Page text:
If you follow me here or on social media, you’ll quickly discover that I share a lot of what Sheila Wray Gregoire of To Love, Honor, and Vacuum writes. That’s because we have very similar views on sex in marriage, and her wisdom is well worth my readers’ time.
Not to mention that we’re friends. Which is one of major bonuses of doing what I do — getting to meet like-minded people who are smart, fun, and Christ-like.
It’s my pleasure to share her with you today! Sheila’s here to talk about how libido works — for women, that is. Because it’s not how many of us were taught that sex drive works. And now…Sheila.Have you ever noticed that movies and TV shows make women’s sex drives look just like men’s?
Here’s what happens, pretty much every time: the couple’s together, and they start to pant. So they fall into each other’s arms and they begin to kiss. Then the clothes come off. And then they end up in bed.
They pant, they kiss, they take off their clothes, and they end up in bed.
Pant. Kiss. Clothes. Bed.
If this is what you see, over and over, you may begin to think that’s natural.
So there you are, at home with your husband, and you’re waiting to pant.
And nothing happens.
So you figure, “I guess I’m just not in the mood”, and you return to browsing Pinterest or you go and make another cup of tea.
But what if that whole portrayal of women’s and men’s sex drives is wrong?
Rosemary Abbott of the University of British Columbia did a study a while ago that found that while men tend to be aroused BEFORE they started to make love (that’s pretty obvious, isn’t it?), most women are not aroused UNTIL they start. They’re not panting at all!
Instead, they make the decision to make love, and then once they start, they relax enough and tell themselves, “I am going to have FUN tonight!” It’s only then that their bodies kick in.
For women, our sex drives are primarily in our heads. If our heads aren’t engaged, our bodies won’t follow.
But that also means that we have a great deal of power when it comes to our libidos! Instead of waiting to feel in the mood, we can tell ourselves positive things about sex: “I am going to enjoy this tonight.” “I am going to sleep so well after this!” Or even, “I am going to rock my husband’s world!”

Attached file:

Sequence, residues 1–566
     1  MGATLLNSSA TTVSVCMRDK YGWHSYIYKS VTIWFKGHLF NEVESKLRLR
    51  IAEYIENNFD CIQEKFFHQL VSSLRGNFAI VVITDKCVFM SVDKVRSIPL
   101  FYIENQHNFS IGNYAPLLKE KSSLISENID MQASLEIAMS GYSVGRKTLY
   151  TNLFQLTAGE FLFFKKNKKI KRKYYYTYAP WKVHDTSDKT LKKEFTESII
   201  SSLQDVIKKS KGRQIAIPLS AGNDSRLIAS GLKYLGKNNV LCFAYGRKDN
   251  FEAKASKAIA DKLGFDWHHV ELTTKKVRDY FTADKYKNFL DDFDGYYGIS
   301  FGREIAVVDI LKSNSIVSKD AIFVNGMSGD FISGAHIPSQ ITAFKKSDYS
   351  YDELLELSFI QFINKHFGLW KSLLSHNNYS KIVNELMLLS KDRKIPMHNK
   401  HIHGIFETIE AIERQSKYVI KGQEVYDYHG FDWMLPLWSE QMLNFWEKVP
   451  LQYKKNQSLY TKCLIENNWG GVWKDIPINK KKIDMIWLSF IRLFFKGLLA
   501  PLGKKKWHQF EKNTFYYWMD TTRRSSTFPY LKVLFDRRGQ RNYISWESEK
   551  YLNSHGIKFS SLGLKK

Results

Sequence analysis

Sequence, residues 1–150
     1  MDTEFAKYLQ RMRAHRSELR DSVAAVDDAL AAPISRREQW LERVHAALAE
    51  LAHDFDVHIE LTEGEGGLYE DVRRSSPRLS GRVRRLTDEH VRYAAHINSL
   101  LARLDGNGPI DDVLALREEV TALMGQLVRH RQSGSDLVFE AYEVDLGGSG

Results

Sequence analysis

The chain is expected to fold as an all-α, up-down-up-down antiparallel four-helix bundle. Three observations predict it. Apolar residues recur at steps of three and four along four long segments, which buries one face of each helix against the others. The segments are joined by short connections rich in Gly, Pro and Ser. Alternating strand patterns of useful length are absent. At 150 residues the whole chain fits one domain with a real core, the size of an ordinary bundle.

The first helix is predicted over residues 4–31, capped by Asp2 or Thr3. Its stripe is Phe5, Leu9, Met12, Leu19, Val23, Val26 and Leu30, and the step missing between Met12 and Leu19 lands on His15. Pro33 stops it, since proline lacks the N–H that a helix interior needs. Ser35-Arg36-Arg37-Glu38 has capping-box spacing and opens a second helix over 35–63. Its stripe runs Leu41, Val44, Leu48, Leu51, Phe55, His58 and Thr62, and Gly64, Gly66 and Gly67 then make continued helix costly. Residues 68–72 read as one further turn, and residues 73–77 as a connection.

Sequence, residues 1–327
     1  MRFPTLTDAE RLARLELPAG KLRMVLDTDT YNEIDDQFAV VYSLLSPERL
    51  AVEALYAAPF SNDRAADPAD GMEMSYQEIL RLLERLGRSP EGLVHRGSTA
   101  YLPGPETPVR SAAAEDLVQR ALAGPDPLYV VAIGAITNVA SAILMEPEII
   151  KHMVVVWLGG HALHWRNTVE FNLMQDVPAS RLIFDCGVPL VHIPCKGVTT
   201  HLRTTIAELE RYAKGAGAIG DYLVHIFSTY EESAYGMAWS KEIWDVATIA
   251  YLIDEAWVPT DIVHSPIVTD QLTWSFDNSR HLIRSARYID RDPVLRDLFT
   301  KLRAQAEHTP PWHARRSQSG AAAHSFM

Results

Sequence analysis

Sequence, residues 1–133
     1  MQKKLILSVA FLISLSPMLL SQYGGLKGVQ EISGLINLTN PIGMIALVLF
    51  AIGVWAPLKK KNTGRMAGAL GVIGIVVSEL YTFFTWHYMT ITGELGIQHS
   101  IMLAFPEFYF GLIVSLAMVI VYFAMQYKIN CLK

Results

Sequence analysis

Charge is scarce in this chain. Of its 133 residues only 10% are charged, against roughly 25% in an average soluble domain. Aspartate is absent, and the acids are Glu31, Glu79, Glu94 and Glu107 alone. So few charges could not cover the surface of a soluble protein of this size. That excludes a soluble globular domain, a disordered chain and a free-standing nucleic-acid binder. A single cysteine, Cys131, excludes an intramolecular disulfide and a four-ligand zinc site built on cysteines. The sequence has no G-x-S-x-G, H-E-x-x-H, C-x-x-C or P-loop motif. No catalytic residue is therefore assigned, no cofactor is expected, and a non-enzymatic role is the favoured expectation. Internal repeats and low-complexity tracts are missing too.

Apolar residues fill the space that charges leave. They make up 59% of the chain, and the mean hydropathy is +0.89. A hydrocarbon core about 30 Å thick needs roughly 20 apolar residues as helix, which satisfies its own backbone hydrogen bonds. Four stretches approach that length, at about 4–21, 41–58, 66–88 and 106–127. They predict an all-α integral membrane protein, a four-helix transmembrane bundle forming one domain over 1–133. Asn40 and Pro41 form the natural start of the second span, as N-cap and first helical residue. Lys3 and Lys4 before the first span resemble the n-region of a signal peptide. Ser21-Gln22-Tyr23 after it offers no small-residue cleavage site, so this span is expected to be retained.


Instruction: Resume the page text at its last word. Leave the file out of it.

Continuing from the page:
Unfortunately, many of us don’t quite understand this. We figure that our bodies should kick in if he does the right thing, romances us the right way, or touches just the right place. So we start making love, but while we’re doing that we’re also composing shopping lists in our heads, trying to figure out if there’s enough milk in the fridge to get us through breakfast, and planning our errands route for tomorrow. So sex feels lousy. And it must be his fault, because he’s just not doing it right!
Now, there’s no doubt that husbands often need to learn what makes wives feel good (because many husbands don’t understand foreplay, for instance!). But it’s also true that one night he could do something that has you in raptures, and three nights later he’s doing exactly the same thing, move for move, and you’re lying there thinking, “Will you just get over with because I want to get to sleep!” It’s not about what he’s doing; it’s about what you’re thinking!
That’s why great sex isn’t about panting beforehand and it isn’t JUST about him doing the right thing. It’s also about us concentrating and putting our brains to work for us!
When you make love, ask yourself, “What feels good right now?” That makes your brain cut off that shopping list and concentrate instead on your body. And you just may find that it does feel good, after all!
God made women so that our response isn’t as automatic as men’s sexual response tends to be.
We have to make the decision that we want to make love. We even have to make the decision that we’re going to have a good time! But I think there’s a logic behind that. Because we need to make that decision, then both husbands and wives have an incentive to work on feeling intimate outside of the bedroom, too. We have to build goodwill towards each other to even want to make love in the first place. If our sexual response was always automatic, then our relationships could be quite shallow.
Instead, when things work well, we get the best of both worlds. We feel close to our husbands, and we feel great in the bedroom. But ultimately it’s up to us: will we decide to jump in and take the initiative, or will we sit back and wait for the panting to happen?
Personally, I’d suggest jumping in. Sex helps you sleep better. Sex helps you feel closer. Plus great sex feels amazing! It’s too great a gift to leave to chance. So decide to have fun tonight, and see what happens!
Sheila is the author of The Good Girl’s Guide to Great Sex and 31 Days to Great Sex. She blogs everyday at To Love, Honor and Vacuum.
Come on over and download her free ebook, 36 Ways to Bring Sexy Back to The Bedroom!
Thanks, Sheila! I love this wise advice.